Roche has forged a number of collaborations focused on evaluating stem cell-based approaches for drug discovery. In June 2009, the firm signed a $10.36 million, two-year collaboration with the Institute for Stem cell Therapy and Exploration of Monogenic diseases (I-STEM) focused on the use of I-STEM's neuronal stem cell proliferation technologies in the screening of Roche's compounds for potential new candidates against neurodegenerative diseases.

In 2008, Roche partnered with U.K.-based stem cell consortium Stem Cells 4 Safer Medicines (SC4SM) to generate a repository of stem cells suitable for toxicology testing in high-throughput platforms. The initiative is being fund primarily by the U.K. government, with Roche and two other pharmaceutical companies also contributing. During the same year, the firm signed an agreement with Cellular Dynamics to test a number of its drug compounds for cardiotoxicity.

Roche, Genentech license flu-targeting antibodies from Dana-Farber and Sanford-Burnham Institute

BASEL, Switzerland—Roche and its wholly owned group member Genentech have signed a license agreement with the Dana-Farber Cancer Institute and the Sanford-Burnham Medical Research Institute that grants the companies exclusive rights to manufacture, develop, and market human monoclonal antibodies to treat and protect against group 1 influenza viruses.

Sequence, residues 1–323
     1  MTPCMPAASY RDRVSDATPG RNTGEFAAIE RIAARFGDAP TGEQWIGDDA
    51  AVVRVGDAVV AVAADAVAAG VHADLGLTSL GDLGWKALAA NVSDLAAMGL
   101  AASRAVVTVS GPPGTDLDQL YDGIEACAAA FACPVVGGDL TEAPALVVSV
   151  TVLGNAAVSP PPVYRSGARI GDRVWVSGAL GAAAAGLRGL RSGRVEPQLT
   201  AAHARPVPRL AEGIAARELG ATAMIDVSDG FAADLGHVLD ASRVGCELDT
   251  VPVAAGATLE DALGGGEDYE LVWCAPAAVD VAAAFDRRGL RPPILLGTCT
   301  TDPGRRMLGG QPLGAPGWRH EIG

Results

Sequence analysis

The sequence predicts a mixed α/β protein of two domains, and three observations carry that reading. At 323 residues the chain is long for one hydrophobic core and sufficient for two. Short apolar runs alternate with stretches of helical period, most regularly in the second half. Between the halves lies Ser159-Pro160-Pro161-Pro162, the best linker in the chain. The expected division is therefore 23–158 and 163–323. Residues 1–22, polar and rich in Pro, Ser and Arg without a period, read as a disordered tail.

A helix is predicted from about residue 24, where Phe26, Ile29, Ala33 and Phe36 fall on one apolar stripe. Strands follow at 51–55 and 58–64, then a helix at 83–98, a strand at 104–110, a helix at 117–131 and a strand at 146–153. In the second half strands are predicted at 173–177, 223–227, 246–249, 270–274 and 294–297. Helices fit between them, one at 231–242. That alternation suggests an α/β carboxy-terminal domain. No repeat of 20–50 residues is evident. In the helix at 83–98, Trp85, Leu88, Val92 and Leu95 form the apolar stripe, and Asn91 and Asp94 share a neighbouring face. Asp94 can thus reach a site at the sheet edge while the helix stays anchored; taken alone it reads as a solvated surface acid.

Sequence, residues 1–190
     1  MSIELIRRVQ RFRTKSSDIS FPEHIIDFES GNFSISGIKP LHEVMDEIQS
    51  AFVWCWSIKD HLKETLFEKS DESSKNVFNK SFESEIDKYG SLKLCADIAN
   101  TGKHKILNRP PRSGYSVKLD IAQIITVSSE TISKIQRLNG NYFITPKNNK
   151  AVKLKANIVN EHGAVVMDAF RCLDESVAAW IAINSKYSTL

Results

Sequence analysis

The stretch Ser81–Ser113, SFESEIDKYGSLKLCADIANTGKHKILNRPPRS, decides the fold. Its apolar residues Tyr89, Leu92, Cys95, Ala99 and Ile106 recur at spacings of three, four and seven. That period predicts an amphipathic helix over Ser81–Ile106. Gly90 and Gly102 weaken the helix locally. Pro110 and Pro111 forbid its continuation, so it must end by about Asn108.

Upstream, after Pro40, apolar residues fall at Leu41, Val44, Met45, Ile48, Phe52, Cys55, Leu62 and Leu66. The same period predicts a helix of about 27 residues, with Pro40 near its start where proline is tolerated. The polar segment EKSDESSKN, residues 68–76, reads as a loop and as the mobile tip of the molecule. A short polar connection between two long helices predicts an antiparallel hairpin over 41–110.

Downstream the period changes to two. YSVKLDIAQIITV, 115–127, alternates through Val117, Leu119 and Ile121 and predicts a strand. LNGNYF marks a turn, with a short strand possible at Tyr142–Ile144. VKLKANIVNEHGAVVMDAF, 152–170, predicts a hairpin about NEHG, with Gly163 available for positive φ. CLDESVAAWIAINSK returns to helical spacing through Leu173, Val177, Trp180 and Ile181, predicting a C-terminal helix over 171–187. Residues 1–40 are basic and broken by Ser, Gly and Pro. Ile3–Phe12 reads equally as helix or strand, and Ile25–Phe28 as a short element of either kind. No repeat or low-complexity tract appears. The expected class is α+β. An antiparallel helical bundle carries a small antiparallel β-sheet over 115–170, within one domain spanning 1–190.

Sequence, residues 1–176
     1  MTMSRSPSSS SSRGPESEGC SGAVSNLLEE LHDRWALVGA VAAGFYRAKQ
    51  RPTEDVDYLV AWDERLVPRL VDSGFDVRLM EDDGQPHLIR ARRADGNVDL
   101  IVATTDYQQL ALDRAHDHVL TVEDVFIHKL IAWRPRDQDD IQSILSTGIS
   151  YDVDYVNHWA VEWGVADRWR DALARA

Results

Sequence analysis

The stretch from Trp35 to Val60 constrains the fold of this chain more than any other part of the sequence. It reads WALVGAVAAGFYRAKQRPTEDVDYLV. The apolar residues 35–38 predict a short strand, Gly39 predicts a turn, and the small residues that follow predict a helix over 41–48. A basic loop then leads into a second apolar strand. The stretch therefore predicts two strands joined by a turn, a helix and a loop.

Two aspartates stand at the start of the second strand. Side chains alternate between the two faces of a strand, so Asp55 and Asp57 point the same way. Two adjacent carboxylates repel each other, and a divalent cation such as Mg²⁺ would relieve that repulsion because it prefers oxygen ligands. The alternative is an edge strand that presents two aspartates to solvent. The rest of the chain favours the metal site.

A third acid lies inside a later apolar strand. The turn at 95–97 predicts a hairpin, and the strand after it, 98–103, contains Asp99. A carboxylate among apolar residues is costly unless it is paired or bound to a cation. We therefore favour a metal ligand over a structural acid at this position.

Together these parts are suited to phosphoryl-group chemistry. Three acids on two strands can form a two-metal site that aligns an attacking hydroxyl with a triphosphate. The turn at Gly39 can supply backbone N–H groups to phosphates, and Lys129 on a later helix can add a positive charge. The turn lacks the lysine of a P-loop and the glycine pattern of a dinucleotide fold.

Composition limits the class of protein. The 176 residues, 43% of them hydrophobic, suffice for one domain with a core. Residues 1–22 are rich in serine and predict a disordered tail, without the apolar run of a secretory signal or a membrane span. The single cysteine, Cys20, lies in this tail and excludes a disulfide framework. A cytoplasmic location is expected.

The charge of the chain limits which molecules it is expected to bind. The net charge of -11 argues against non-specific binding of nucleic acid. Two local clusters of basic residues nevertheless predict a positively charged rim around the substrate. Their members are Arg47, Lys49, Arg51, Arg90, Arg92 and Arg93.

Roche and Genentech, who announced the agreement Feb. 8, also have a non-exclusive right to manufacture, develop and market diagnostic tests for group 1 influenza. Complete terms of the agreement are not public, but Dana-Farber and Sanford-Burnham will receive license fees and may receive milestone payments and royalties.

The viruses include the strains for the current seasonal and H1N1 influenzas. The discovery of the antibodies was first reported by Dr. Wayne A. Marasco, associate professor of medicine at Dana-Farber and Harvard Medical School; Dr. Robert Liddington, professor and director of the Infectious and Inflammatory Disease Center at Sanford-Burnham; and Dr. Ruben Donis, chief of the Molecular Virology and Vaccines Branch at the Centers for Disease Control and Prevention, in Nature Structural and Molecular Biology in February 2009.

The researchers demonstrated that the newly identified antibodies attach to the stem region of the viral proteins (hemagglutinin), rather than to the head region, the standard target of current influenza vaccines. According to the researchers' report, binding to the highly conserved stem region prevents changes in the protein that are necessary for viral entry into the host cell, thereby inhibiting further infection of host cells and the rise of escape mutants.

The researchers also noted that standard influenza vaccines that consist of an attenuated, or killed, virus typically stimulate antibodies against the protein's head. These vaccines are less effective as the head region is prone to change, leading to the rise of forms of the virus that can evade neutralizing antibodies.